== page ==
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Cardiovasc Diabetol. 2014 Jan 14;13:16. doi: 10.1186/1475-2840-13-16.

A randomised controlled trial of increasing fruit and vegetable intake and how this influences the carotenoid concentration and activities of PON-1 and LCAT in HDL from subjects with type 2 diabetes.

Author information

1
Centre for Public Health, Queen's University Belfast, Pathology Building, Grosvenor Road, Belfast BT12 6BJ, UK. j.mceneny@qub.ac.uk.

Abstract

BACKGROUND:

High density lipoproteins (HDL) have many cardioprotective roles; however, in subjects with type 2 diabetes (T2D) these cardioprotective properties are diminished. Conversely, increased fruit and vegetable (F&V) intake may reduce cardiovascular disease risk, although direct trial evidence of a mechanism by which this occurs in subjects with T2D is lacking. Therefore, the aim of this study was to examine if increased F&V consumption influenced the carotenoid content and enzymes associated with the antioxidant properties of HDL in subjects with T2D.

METHODS:

Eighty obese subjects with T2D were randomised to a 1- or ≥6-portion/day F&V diet for 8-weeks. Fasting serum was collected pre- and post-intervention. HDL was subfractionated into HDL2 and HDL3 by rapid ultracentrifugation. Carotenoids were measured in serum, HDL2 and HDL3 by high performance liquid chromatography. The activity of paraoxonase-1 (PON-1) was measured in serum, HDL2 and HDL3 by a spectrophotometric assay, while the activity of lecithin cholesterol acyltransferase (LCAT) was measured in serum, HDL2 and HDL3 by a fluorometric assay.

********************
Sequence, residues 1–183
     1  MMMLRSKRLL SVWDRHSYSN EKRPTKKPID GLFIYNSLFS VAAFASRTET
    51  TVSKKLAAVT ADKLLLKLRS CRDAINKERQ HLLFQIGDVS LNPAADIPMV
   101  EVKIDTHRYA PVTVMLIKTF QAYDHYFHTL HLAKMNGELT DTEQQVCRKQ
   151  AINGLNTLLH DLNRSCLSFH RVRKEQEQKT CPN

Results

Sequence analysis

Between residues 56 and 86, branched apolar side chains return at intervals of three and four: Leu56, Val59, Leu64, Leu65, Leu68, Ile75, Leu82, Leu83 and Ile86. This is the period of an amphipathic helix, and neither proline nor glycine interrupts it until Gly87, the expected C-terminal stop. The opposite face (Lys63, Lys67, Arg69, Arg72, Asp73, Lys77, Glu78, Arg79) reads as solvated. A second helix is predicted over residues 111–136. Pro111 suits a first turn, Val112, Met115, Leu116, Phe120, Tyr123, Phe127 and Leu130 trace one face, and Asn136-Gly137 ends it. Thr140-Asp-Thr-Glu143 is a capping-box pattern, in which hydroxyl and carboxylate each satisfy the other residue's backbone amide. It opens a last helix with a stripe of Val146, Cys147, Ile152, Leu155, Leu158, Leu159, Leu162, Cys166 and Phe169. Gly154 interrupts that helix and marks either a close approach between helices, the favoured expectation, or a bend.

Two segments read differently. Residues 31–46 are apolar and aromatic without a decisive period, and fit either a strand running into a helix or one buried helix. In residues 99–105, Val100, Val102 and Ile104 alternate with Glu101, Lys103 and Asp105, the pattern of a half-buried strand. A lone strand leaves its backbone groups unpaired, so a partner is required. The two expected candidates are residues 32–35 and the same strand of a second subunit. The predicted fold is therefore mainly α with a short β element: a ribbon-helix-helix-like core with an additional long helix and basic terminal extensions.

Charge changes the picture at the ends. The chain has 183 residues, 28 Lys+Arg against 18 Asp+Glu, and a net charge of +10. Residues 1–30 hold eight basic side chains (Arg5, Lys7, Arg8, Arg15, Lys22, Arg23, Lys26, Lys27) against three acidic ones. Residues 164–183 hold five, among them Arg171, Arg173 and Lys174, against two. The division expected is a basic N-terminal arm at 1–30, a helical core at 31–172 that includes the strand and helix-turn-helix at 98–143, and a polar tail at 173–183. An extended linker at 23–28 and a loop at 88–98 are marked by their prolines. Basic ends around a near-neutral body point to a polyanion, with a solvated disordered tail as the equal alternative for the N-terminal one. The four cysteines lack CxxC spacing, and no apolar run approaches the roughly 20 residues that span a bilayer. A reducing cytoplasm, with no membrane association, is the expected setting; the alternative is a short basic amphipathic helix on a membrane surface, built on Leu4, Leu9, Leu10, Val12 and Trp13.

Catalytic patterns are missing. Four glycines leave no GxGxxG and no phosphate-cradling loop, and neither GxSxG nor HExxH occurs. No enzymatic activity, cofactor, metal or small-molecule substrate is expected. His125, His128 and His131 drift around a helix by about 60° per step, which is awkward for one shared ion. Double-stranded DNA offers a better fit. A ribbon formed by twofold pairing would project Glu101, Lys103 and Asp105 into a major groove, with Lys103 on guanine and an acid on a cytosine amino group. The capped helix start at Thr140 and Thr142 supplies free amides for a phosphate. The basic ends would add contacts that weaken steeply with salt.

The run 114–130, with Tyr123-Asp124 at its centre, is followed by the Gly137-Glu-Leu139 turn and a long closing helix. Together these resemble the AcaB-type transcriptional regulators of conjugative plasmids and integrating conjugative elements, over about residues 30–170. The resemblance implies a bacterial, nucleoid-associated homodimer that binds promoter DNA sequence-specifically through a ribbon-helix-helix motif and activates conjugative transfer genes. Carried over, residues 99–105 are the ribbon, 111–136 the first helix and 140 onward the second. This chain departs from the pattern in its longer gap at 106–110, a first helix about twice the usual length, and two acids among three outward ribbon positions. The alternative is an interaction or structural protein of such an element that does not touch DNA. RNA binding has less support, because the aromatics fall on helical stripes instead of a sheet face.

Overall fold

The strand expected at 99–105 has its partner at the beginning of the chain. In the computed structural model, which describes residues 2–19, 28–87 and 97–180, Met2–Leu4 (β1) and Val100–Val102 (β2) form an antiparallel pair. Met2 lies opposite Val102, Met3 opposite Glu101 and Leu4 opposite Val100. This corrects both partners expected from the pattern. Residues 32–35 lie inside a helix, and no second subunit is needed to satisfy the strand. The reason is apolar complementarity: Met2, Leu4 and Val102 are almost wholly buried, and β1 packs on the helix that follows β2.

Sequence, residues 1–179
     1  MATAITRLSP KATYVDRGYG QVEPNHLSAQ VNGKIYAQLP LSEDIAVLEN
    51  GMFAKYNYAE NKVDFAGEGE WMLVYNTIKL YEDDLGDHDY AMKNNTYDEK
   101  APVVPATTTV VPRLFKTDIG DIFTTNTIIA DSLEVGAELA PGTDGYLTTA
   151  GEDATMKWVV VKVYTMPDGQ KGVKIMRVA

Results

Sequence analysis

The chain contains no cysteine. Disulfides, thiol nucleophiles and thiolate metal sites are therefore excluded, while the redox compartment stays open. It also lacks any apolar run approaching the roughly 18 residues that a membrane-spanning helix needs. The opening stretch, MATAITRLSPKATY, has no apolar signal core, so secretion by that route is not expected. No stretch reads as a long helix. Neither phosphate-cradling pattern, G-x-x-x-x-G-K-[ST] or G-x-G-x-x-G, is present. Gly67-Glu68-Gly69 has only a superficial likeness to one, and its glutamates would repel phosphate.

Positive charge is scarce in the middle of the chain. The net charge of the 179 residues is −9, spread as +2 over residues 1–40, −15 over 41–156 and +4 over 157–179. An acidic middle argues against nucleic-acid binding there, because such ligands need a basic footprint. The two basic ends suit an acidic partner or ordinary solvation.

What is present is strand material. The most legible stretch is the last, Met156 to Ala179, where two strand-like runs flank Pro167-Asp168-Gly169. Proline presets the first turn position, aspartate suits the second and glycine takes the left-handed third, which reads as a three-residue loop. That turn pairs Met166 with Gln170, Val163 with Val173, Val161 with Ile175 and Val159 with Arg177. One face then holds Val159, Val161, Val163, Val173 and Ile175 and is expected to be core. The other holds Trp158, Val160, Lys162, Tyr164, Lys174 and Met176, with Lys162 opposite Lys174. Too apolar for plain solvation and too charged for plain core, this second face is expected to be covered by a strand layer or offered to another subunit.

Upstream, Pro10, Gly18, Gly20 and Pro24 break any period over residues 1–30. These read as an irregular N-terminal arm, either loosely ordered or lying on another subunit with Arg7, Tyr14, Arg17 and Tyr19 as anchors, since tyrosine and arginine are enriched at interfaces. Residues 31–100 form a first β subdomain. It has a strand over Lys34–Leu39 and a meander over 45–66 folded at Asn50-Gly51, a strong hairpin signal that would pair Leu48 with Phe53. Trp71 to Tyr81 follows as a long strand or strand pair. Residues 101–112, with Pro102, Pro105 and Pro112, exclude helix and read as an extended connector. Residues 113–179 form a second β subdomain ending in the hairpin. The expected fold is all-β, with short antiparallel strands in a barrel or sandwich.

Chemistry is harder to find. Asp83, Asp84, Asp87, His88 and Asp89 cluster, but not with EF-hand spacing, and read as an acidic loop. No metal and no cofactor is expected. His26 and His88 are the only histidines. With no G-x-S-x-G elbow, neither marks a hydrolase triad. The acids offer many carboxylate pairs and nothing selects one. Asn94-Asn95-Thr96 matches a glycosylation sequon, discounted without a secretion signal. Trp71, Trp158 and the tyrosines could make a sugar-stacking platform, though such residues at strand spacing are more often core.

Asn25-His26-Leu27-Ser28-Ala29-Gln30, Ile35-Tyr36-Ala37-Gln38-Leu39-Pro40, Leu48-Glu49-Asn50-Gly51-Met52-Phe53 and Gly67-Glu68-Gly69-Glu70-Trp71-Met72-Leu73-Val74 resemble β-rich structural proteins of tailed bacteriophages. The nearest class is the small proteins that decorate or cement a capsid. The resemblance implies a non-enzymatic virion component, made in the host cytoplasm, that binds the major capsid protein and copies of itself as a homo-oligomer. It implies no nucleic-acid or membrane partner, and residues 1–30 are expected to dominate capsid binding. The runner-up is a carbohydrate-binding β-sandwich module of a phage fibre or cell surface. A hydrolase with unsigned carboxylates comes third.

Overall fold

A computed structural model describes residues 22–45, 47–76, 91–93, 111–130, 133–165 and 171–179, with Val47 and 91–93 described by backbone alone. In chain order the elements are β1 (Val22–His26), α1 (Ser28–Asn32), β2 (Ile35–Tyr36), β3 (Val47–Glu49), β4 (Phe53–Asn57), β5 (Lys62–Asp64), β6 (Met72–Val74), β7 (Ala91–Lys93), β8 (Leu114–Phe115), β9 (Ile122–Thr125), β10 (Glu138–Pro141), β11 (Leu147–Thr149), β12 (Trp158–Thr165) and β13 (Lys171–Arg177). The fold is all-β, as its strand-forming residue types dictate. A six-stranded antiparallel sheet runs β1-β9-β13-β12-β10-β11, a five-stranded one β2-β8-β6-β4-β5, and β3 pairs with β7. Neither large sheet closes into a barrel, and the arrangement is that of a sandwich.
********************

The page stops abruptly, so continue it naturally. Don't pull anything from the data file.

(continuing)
RESULTS:

In the ≥6- vs. 1-portion post-intervention comparisons, carotenoids increased in serum, HDL2 and particularly HDL3, (α-carotene, p = 0.008; β-cryptoxanthin, p = 0.042; lutein, p = 0.012; lycopene, p = 0.016), as did the activities of PON-1 and LCAT in HDL3 (p = 0.006 and 0.044, respectively).

CONCLUSION:

To our knowledge, this is the first study in subjects with T2D to demonstrate that increased F&V intake augmented the carotenoid content and influenced enzymes associated with the antioxidant properties of HDL. We suggest that these changes would enhance the cardioprotective properties of this lipoprotein.

CLINICAL TRIAL REGISTRATION:

ISRCTN21676269.

PMID:
24423117
PMCID:
PMC3898240
DOI:
10.1186/1475-2840-13-16
[Indexed for MEDLINE]
Free PMC Article

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